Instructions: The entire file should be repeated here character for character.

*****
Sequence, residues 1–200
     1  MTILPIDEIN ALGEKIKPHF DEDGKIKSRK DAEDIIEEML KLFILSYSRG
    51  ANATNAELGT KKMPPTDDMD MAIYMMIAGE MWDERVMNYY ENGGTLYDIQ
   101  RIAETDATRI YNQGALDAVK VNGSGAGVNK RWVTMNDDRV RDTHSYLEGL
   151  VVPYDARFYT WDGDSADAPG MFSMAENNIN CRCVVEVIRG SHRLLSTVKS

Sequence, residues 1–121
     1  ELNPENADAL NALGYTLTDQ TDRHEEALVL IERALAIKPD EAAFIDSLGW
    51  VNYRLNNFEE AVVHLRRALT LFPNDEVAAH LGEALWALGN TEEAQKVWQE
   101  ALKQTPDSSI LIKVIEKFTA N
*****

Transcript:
Sequence, residues 1–200
     1  MTILPIDEIN ALGEKIKPHF DEDGKIKSRK DAEDIIEEML KLFILSYSRG
    51  ANATNAELGT KKMPPTDDMD MAIYMMIAGE MWDERVMNYY ENGGTLYDIQ
   101  RIAETDATRI YNQGALDAVK VNGSGAGVNK RWVTMNDDRV RDTHSYLEGL
   151  VVPYDARFYT WDGDSADAPG MFSMAENNIN CRCVVEVIRG SHRLLSTVKS

Sequence, residues 1–121
     1  ELNPENADAL NALGYTLTDQ TDRHEEALVL IERALAIKPD EAAFIDSLGW
    51  VNYRLNNFEE AVVHLRRALT LFPNDEVAAH LGEALWALGN TEEAQKVWQE
   101  ALKQTPDSSI LIKVIEKFTA N